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So we're required to use the following order for CSS anchor pseudo-classes

a:link    { color: red }    
a:visited { color: blue }  
a:hover   { color: yellow } 
a:active  { color: lime }  

But my question is why bother with the a:link part? Rather, is there any advantage to the above (other than perhaps clarity) over:

a { color:red; } /* notice no :link part */
a:visited { color: blue; }
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4 Answers 4

up vote 8 down vote accepted

:link selects unvisited links, that is: anchors with an href attribute.

It stops it matching: <h1><a name="foo">A foo to be linked to</a></h1>

(Although you should be using <h1 id="foo">A foo to be linked to</h1> these days.)

Aside from that, it does make it clearer what it is for.

See live demo on,css,output

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can you explain the stops it matching part a bit more please? Not sure I understand. – Rob Apr 14 '10 at 18:30
a matches all anchors. a:link matches anchors that are unvisited links. a:visited matches anchors that are visited links. <a name="foo"> is an anchor that is not a link of any kind. – Quentin Apr 14 '10 at 20:38
@Quentin: Really? I cannot find that in the specs. – feklee Jan 27 '13 at 16:30
@feklee - Yes, really. – Quentin Jan 27 '13 at 16:32
@Quentin: Note that a:visited and a:link have a higher specificity than plain a. So, if you want to change a rule applied to a:link or a:visited, then you cannot do that with a. I demonstrate that in a jsFiddle. – feklee Jan 27 '13 at 17:39

Just "a" refers to ALL possible links (unvisited, visited, hovered, and active), whereas "a:link" just refers to normal unvisited links.

If you use "a" instead of "a:link", you are setting the default CSS for ALL links to whatever "a" is set to. In this specific case, since you specify each possible pseudoclass, it essentially doesn't matter whether you say "a:link" or just "a"

So in the first group, where you write out all the pseudoclasses (a:link, a:visited, etc), you are specifying the CSS for each possible case WITHIN "a"

a:link    { color: red }     //set unvisited links to red 
a:visited { color: blue }    //set visited links to blue
a:hover   { color: yellow }  //set hovered links to yellow
a:active  { color: lime }    //set active links to lime

In the second group, where you just write "a", you are actually setting the default CSS for all links to what you write in the first line, then redefining the CSS for the other pseudoclasses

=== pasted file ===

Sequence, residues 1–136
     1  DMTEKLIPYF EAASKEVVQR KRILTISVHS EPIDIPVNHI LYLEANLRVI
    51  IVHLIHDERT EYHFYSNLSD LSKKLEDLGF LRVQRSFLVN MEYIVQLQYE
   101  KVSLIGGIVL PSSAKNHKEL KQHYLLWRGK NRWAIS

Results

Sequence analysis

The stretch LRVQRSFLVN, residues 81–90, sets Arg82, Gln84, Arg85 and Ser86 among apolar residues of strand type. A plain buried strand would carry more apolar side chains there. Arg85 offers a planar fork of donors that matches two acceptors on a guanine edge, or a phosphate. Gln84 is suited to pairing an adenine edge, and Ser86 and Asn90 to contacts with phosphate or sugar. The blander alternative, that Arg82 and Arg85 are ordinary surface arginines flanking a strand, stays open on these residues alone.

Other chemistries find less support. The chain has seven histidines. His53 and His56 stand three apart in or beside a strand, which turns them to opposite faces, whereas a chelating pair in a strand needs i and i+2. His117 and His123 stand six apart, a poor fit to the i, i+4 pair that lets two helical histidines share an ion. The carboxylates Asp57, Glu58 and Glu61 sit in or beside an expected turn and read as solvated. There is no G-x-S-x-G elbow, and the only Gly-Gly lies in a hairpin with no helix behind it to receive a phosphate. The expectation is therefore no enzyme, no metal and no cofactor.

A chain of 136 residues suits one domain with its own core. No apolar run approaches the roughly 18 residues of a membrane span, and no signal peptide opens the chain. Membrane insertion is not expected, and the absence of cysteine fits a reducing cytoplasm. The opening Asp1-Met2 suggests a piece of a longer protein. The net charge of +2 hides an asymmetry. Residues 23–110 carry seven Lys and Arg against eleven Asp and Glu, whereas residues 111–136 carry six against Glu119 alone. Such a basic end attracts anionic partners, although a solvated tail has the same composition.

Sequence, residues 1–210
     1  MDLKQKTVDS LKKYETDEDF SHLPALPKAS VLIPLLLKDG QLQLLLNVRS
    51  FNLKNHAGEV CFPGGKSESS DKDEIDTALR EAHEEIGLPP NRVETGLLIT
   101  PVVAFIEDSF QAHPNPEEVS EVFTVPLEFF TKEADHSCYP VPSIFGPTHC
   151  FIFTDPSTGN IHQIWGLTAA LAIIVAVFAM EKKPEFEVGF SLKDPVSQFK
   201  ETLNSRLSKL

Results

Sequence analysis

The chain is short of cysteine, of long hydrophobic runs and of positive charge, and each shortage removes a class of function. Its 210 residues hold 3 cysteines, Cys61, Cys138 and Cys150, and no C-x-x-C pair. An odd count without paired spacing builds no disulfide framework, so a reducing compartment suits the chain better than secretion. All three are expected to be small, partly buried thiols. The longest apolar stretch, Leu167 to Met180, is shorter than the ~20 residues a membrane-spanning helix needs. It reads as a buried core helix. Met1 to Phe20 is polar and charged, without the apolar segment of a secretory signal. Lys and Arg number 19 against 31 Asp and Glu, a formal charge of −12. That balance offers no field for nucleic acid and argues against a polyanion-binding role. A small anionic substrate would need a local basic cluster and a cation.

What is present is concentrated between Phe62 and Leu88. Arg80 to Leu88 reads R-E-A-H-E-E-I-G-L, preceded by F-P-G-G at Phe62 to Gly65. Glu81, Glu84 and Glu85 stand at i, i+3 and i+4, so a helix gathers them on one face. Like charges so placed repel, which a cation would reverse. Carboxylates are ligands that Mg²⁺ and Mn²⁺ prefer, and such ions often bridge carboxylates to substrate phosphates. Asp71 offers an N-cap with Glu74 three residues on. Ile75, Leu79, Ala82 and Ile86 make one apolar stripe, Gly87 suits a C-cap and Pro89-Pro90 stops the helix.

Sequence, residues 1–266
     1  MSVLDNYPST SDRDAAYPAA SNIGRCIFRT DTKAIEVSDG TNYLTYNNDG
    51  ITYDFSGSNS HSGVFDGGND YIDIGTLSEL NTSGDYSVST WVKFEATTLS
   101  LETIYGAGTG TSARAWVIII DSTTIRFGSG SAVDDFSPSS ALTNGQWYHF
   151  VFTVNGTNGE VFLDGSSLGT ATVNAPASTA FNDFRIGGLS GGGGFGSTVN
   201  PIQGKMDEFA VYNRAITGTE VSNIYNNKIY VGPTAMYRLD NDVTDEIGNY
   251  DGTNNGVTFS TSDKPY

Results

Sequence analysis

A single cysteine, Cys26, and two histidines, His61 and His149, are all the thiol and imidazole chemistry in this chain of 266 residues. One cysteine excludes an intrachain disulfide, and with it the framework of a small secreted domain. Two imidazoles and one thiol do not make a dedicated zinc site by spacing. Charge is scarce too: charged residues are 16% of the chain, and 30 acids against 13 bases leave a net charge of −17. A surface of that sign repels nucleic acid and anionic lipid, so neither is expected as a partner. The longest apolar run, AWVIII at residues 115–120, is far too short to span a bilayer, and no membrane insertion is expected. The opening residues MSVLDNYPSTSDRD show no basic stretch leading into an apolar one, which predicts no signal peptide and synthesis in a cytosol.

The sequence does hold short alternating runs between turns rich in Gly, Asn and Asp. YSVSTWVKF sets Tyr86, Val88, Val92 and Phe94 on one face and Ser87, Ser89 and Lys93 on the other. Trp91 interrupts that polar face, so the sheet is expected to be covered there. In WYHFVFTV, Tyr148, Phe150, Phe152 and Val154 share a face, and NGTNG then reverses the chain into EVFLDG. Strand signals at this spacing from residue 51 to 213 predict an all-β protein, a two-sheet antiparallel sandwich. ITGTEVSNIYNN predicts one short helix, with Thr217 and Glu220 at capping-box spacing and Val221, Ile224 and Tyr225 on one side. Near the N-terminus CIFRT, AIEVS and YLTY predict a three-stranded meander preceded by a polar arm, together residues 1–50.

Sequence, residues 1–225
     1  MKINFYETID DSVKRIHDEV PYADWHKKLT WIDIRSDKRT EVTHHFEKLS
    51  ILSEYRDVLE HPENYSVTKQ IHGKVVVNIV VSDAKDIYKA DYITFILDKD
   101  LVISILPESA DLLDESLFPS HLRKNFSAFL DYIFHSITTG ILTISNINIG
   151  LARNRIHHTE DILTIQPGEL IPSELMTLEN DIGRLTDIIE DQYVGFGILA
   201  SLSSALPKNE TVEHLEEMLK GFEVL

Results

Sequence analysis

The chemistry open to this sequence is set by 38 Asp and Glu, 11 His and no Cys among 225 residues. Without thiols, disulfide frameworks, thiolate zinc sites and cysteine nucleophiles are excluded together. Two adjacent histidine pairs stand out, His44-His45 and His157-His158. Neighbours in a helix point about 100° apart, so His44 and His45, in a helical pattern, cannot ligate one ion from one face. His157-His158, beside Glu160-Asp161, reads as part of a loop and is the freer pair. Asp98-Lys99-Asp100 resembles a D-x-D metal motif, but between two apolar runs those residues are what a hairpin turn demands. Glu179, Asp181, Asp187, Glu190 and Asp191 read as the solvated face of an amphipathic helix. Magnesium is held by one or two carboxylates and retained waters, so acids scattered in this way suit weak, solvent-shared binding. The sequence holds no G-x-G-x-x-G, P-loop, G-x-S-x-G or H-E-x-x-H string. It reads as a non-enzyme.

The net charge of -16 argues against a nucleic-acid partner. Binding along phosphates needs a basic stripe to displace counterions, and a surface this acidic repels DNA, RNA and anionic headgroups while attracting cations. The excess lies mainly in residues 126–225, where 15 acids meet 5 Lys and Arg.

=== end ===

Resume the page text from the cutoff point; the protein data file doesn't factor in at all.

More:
a    { color: red }          //set ALL links to red!
a:visited { color: blue }    //hm, never mind, let's set visited links to blue
a:hover   { color: yellow }  //hm, never mind, let's set hovered links to yellow
a:active  { color: lime }    //hm, never mind, let's set active links to lime
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:link doesn't match only unvisited links, it matches all links. – OdraEncoded Nov 7 '13 at 12:06
@OdraEncoded :link does not always match all links, e.g. :visited and a have precedence (in that order). :link will only match all links (to some extent) if neither :visited nor a are matched. It's therefor more likely that :link will match unvisited links 'only'. – WynandB Nov 8 '13 at 5:13
@Wynand :link always matches all links. :visited has a higher precedence, yes, but if there is a :link and a :visited then both are matched and the :visited selector effects are applied after the :link selector effects. Just like in every other multiple selector match case. In CSS there is no such thing as one selector not matching because another selector exists. – OdraEncoded Nov 8 '13 at 19:24
@OdraEncoded I think we're actually saying the same thing here. I misinterpreted your understanding and had taken it that you suggested that :link takes precedence over :visited. BTW, I understand the concept of Cascading Style Sheets. – WynandB Nov 10 '13 at 22:33

:link is when the link is unvisited. So when there is an anchor with a href attribute and the user have never been on the page behind the anchor.

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That doesn't answer the question. – Quentin Apr 14 '10 at 22:10
@Quentin Actually, this answer is spot on. – WynandB Sep 18 '13 at 4:15
@Wynand no, it's not, :link matches more than unvisited hyperlinks. – OdraEncoded Nov 7 '13 at 12:29
@OdraEncoded It depends. If you're suggesting that :link matches both visited and unvisited hyperlinks in all cases, then test it in conjunction with :visited and a. You should see that nothing 'more' than unvisited hyperlinks is matched. – WynandB Nov 8 '13 at 5:28

Selector :link is a pseudo-element selector for hyperlinks, any element that is an hyperlink will be matched. The a selector will match "only" anchor elements.

Normally, every a element is also a hyperlink, and I'm not aware myself of any way to create an hyperlink in HTML without using an anchor, so you can probably use either of them in most cases.

However, using only a will match anchor elements that are not hyperlinks. For example, an anchor element written this way <a name=sign-up>Sign up form</a> will not match the hyperlink pseudo-element :link selector but will match the a selector.

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